“For a city like Mumbai, the consequences of the Hiranandanis’ stand are possiby catastrophic. Every single flat purchaser on any given large project in Mumbai, especially in its suburbs, is a potential victim. He or she will purchase a flat on an effulgent representation, a resplendent portrait with glossy images and ecstatic text. In a few short months, those dreams will turn to dust as the developer invokes these so-called ‘development rights’, nullifies all that went before and proceeds to construct new structures never before indicated, taking away in the bargain every promised benefit.”

Holding in favour of the Hiranandanis, he argues, will have its repercussions on all householders and not just the inhabitants of the “undoubtedly lavish” PADS. The responsibility for this situation, he goes, on, lies squarely with the development authority, the MMRDA. He holds, “It also lies at the door of the MMRDA, a public authority and about whose conduct throughout no condemnation is strong enough. It is one thing to have a statute that provides for the rights or the obligations of individuals. It is another to allow an authority to get away scot-free, absent any regulatory or statutory oversight, with what I can only describe as a complete abdication of its public and statutory function..”

This is only the beginning of the process to untangle the rights and obligations of Hiranandani and the group of societies, including Eternia. The injunction that Justice Patel has granted will last only 12 weeks, and the completion, or indeed, demolition of the low-cost housing will await the entire adjudication of the case. Nevertheless, Justice Patel’s judgment raises two valuable questions.

The first concerns the absence of state control over independent development authorities. The case of MMRDA here evidently disclose abuses (their own counsel conceded before the Supreme Court that “there has been rampant collusion between the officials of MMRDA and the developer in how the agreement was breached.”), and yet, as Justice Patel points out, there has been a puzzling absence of control and statutory oversight right from 1986 on.

The second, broader question, that this judgment raises is how we may balance the undoubted need to protect house owners from the abuses of developers, while simultaneously ensuring that developers do not avoid obligations to build low cost housing, whether under contract or the Development Control Regulations that govern Mumbai. Part of the answer may lie in rationalising the processes of building approvals with urban planning in general. This might make it possible to ensure that the diffusion of authority between development bodies like the MMRDA and local authorities like municipal corporations does not allow entities like Hiranandani to slip between and flout their legal obligations.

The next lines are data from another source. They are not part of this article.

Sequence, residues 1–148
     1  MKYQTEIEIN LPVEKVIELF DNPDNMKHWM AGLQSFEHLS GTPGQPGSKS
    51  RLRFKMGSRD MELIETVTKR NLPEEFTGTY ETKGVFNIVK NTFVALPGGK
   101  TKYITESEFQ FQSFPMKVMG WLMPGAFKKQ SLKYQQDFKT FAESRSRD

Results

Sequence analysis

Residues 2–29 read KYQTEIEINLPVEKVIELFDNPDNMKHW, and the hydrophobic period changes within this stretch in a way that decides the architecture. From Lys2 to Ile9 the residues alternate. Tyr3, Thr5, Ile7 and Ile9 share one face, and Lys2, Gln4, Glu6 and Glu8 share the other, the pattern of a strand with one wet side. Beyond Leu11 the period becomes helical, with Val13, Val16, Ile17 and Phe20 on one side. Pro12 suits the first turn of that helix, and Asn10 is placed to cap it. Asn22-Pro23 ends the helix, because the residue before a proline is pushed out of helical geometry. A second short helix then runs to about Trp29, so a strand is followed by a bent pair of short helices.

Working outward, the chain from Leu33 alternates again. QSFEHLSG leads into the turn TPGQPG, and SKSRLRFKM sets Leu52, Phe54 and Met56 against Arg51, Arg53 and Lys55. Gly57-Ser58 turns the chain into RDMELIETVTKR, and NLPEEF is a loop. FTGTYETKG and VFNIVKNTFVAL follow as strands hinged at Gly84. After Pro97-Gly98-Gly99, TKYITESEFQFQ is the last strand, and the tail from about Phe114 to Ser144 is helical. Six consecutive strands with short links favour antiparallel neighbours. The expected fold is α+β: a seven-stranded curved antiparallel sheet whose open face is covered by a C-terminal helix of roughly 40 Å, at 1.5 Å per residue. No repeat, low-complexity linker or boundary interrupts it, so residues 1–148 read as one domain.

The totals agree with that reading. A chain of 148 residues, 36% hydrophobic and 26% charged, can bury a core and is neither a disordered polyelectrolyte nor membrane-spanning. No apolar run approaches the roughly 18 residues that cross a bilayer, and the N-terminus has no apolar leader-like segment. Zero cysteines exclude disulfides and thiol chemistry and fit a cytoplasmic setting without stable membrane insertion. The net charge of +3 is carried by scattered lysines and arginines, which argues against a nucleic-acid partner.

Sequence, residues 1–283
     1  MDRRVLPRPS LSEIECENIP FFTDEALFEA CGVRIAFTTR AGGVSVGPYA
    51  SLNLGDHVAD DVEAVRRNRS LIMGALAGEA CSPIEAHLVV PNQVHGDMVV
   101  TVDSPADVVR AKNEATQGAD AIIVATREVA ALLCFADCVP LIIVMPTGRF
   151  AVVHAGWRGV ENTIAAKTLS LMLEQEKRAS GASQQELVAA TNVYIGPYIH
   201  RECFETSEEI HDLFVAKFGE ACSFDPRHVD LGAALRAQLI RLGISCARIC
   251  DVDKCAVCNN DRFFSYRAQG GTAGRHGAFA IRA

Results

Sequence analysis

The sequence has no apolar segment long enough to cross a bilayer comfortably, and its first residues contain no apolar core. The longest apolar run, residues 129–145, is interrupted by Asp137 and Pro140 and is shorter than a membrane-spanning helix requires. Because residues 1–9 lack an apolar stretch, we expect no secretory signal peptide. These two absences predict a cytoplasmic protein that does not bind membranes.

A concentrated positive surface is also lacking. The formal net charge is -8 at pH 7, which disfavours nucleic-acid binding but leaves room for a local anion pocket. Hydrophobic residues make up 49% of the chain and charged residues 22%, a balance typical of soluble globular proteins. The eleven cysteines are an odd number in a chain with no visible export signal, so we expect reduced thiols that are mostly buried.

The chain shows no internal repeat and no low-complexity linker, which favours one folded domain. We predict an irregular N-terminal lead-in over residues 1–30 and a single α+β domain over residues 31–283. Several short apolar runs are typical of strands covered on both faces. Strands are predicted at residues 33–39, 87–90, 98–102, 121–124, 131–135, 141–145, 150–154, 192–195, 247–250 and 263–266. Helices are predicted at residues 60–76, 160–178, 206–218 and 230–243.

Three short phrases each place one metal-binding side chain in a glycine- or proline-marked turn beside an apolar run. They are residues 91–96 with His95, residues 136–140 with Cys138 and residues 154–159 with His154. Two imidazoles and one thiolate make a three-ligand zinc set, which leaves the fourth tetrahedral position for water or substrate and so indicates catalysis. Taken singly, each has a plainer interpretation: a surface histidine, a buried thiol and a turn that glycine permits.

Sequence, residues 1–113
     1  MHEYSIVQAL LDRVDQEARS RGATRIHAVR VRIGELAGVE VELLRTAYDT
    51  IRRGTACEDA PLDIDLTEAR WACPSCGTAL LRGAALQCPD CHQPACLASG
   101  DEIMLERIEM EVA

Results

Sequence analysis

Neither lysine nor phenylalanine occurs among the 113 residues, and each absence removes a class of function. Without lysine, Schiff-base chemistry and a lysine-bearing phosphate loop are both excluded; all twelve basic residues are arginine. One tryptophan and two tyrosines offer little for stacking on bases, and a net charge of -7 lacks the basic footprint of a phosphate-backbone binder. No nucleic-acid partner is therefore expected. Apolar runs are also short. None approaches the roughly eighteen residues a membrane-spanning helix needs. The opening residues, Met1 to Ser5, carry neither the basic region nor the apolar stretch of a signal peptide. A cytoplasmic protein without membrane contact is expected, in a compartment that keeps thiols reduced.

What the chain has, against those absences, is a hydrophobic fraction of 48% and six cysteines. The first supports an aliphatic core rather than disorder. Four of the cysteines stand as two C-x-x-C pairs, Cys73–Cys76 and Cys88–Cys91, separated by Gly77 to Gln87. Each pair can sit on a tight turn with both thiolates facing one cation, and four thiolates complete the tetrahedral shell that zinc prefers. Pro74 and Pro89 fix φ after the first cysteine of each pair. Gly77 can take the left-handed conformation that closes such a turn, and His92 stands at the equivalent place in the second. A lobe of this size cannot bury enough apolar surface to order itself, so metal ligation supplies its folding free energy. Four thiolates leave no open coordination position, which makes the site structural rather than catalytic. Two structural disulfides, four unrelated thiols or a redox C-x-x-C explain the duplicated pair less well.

Eternia Co-operative Housing Society Ltd.and others v Lakeview Developers and Others, Notice of Motion no. 62 of 2014 in Suit No. 54 of 2014, Judgment dated 22 January 2015 (Justice Gautam S Patel)

The Case of Kathputli Colony: Mapping Delhi’s First In-situ Slum Rehabilitation Project

Subhadra Banda, Yashas Vaidya and David Adler

Delhi Master Plan 2021 introduced the “In-situ rehabilitation” approach to slum redevelopment, in which residents of Jhuggi Jhopdi Clusters transition to temporary housing while the Delhi Development Authority (DDA) reconstructs the settlment, and then shifts the slum-dwellers back onto the original plot and into improved housing.  Kathputli Colony, located in West Delhi’s Shadipur region, has been selected by the DDA as the site of Delhi’s first in-situ slum rehabilitation.  This paper lays out the trajectory of the Kathputli project thus far, examining the formal, legalistic framework and its relationship to the actual events documented in our research in the colony.

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mHS-BSFL, BASIX-Baliga Low Cost Housing Repair and Reconstruction Pilot Project in Delhi: a Case Study

Shahana Sheikh
Shahana Sheikh looks at the mHS-BSFL, BASIX-Baliga Low Cost Housing Repair and Reconstruction Pilot Project in Delhi to understand the house building practices, the target client, micro housing loan approval process and the financial terms. The author also interviewed various stakeholders in the project to understand their issues and perceptions on the above issues.